For those LMU students interested in pursuing a career in the media, a journalism minor will be available in the upcoming Spring 2013 semester.
After nearly 10 years of work and commitment to establish a journalism minor, LMU English professor and head of the journalism program Linda Bannister is excited about the new opportunity and said that “it’s a nice match with so many of the major programs at LMU.”
According to Bannister, the minor will require 21 units including four required courses: ‘The Language of Journalism’ (or ‘Writing for Journalism’), ‘Journalism: New Media,’ one course in community journalism or specialized journalism and one 400-level Capstone course with backpack journalism and long-form focus.
Bannister is particularly excited about the 400-level Capstone course, which she says will expose students “to the civic landscape of Los Angeles.” According to Bannister, students will acquire first-hand experience in journalism as they work on a long-form project grounded in interviews. The projects will be focused on issues prominent in the community and will be featured on LMU’s website and beyond.
In addition to these required courses, students may choose three electives to complete their units.
Bannister explained the appropriateness of such a major at LMU, saying, “The minor at LMU directly engages the University’s social justice mission by actively involving the students in the community and training them to participate in the new civic ecology.”
She further explained that LMU’s minor will stand out among other journalism programs because “the marriage of the social justice mission and the journalism program will make us unique in the Southern California region.”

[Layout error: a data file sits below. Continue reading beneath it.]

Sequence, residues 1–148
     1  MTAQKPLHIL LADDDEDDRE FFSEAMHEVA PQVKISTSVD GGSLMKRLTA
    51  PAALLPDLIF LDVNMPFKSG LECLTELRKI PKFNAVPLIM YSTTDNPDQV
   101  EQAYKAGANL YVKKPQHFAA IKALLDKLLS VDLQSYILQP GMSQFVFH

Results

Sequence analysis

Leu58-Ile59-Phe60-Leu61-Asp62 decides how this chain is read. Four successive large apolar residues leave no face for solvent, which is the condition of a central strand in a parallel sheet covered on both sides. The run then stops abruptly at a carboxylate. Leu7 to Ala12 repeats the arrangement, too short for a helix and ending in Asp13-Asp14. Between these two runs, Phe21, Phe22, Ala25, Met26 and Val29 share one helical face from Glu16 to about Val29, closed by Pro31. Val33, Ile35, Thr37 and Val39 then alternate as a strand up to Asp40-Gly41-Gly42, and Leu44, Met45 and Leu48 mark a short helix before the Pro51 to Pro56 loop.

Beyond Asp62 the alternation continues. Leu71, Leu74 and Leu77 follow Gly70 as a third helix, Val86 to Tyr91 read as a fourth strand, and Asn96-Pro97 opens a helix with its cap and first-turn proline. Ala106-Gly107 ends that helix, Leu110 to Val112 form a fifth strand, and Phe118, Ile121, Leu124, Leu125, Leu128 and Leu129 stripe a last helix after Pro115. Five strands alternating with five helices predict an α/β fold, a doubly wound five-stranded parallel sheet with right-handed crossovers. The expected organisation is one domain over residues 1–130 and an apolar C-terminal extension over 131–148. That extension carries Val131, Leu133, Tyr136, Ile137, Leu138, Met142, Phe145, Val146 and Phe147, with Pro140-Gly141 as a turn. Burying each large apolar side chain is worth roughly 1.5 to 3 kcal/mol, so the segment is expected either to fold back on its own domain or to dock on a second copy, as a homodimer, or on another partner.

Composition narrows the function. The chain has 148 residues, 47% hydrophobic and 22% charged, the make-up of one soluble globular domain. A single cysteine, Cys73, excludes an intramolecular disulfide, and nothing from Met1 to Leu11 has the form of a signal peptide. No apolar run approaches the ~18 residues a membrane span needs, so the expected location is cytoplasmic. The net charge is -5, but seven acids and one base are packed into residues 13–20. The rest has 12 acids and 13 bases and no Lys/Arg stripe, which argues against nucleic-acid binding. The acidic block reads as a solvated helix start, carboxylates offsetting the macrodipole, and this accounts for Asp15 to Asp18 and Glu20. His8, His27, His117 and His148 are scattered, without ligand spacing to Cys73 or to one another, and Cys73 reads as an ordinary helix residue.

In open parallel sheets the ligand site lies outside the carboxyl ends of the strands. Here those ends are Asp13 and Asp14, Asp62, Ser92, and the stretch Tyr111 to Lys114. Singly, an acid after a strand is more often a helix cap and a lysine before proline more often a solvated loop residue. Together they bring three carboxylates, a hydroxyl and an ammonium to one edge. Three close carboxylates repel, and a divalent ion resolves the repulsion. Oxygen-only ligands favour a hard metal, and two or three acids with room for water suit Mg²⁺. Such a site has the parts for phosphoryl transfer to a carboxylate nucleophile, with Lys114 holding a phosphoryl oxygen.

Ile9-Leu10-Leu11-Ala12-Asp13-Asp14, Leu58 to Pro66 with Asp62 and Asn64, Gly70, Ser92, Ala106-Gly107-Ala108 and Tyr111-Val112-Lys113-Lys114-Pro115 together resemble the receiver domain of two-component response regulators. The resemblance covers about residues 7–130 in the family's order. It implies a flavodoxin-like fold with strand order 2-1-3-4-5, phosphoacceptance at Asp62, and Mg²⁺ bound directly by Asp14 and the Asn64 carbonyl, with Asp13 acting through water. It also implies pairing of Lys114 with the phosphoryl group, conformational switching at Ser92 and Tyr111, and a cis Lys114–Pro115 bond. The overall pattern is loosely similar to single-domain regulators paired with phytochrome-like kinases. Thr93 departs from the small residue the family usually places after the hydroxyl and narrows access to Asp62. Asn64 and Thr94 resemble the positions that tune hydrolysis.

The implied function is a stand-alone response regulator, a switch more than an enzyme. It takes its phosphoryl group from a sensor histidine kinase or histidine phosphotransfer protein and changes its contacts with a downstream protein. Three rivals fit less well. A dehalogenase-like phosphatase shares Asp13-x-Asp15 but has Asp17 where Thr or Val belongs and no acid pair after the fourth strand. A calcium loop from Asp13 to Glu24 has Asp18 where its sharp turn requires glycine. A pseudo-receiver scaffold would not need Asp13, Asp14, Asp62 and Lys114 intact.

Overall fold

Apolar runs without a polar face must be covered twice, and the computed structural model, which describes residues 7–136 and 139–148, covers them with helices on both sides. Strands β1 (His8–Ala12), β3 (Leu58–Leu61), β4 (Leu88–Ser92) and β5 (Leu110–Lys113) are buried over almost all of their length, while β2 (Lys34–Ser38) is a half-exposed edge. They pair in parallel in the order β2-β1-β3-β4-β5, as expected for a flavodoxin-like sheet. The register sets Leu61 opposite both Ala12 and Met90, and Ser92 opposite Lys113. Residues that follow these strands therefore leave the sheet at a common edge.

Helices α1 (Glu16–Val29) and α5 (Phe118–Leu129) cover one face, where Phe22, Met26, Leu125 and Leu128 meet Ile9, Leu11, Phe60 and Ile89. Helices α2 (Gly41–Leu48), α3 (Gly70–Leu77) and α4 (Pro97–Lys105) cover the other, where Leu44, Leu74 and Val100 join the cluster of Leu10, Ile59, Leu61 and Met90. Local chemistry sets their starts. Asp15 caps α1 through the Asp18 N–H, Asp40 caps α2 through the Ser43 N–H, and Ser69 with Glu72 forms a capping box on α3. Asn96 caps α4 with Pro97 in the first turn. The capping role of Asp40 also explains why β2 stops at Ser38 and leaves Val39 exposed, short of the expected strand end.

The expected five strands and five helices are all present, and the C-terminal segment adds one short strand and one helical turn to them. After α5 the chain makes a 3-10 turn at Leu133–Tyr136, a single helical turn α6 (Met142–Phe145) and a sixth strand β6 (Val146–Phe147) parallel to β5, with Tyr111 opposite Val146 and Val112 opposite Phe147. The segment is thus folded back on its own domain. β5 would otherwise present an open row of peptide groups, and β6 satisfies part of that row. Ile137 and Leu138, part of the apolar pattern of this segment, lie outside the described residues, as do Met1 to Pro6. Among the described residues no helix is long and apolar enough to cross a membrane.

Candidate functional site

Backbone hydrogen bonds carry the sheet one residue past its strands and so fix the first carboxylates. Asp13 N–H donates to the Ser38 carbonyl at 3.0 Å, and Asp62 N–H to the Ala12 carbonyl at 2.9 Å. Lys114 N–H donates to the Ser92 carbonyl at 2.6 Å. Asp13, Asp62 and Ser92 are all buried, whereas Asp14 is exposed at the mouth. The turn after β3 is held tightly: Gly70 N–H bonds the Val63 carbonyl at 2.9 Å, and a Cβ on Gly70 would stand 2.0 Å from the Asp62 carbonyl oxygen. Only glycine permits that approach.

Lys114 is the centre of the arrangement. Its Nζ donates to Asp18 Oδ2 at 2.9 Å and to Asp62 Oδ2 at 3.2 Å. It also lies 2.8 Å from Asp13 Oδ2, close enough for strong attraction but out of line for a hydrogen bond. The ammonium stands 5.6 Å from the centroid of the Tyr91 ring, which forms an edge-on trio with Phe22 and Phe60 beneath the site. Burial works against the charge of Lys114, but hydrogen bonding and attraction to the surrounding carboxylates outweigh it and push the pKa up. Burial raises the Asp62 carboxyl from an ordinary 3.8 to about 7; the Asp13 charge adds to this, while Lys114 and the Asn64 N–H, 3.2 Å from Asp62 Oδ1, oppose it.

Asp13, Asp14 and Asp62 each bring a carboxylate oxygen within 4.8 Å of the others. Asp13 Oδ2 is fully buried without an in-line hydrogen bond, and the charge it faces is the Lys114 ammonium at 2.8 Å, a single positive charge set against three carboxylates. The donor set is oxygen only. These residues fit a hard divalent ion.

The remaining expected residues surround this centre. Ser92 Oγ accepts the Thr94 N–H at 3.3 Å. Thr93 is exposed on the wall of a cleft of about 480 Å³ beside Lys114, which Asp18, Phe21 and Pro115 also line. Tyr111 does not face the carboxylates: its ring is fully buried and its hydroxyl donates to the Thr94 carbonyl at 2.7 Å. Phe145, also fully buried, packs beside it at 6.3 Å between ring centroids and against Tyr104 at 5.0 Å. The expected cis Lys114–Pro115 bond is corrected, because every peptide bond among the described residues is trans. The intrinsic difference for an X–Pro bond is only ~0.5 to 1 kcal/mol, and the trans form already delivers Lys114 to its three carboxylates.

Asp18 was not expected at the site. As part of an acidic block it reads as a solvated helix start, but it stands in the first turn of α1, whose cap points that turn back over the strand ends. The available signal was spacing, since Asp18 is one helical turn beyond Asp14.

Sophomore communications major Jackie Fischer is among many students at LMU who have been awaiting this program. “I’m really excited about the new journalism minor because I intend to go to graduate school for journalism and I know that will be extremely beneficial for me when I apply,” she said.
“I think it’s great that LMU has added the minor, because I know a lot of people, including myself, are really interested in it,” added Fischer.
While many students plan to declare their minors in the upcoming months, LMU English majors will be unable to participate at present, due to University regulations restricting students from minoring in their major program. Bannister assures English majors that the department is working hard to open the minor for them as well.
As the world of journalism continues to change, the minor also aims to address today’s new media. As LMU journalism professor Evelyn McDonnell explained, “The journalism and new media course is integrated in the program as an early prerequisite to provide students with part of the basic foundation of journalism.”
McDonnell also affirmed that “multimedia storytelling will be incorporated from the beginning” to prepare students for the jobs of the future.
Addressing those thinking about adopting the minor, Bannister said, “If you see yourself as a thinker who wants to have an impact on society, then what better way to do it than through your communication skills.”
As a journalist, Bannister said, “You can not only reach people, but you can cause them to be better informed and make better decisions.”
If you are seeking more information about the minor, contact Bannister at firstname.lastname@example.org.